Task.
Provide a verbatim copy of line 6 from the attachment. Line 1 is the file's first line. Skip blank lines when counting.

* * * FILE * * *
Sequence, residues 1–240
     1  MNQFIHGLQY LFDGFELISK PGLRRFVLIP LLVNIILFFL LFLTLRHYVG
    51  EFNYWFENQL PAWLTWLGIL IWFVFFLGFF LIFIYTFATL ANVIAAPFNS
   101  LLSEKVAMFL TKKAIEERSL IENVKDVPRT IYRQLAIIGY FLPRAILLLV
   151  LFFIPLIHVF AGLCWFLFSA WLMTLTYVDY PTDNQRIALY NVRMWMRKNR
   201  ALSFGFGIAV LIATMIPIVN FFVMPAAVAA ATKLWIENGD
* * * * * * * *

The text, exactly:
   201  ALSFGFGIAV LIATMIPIVN FFVMPAAVAA ATKLWIENGD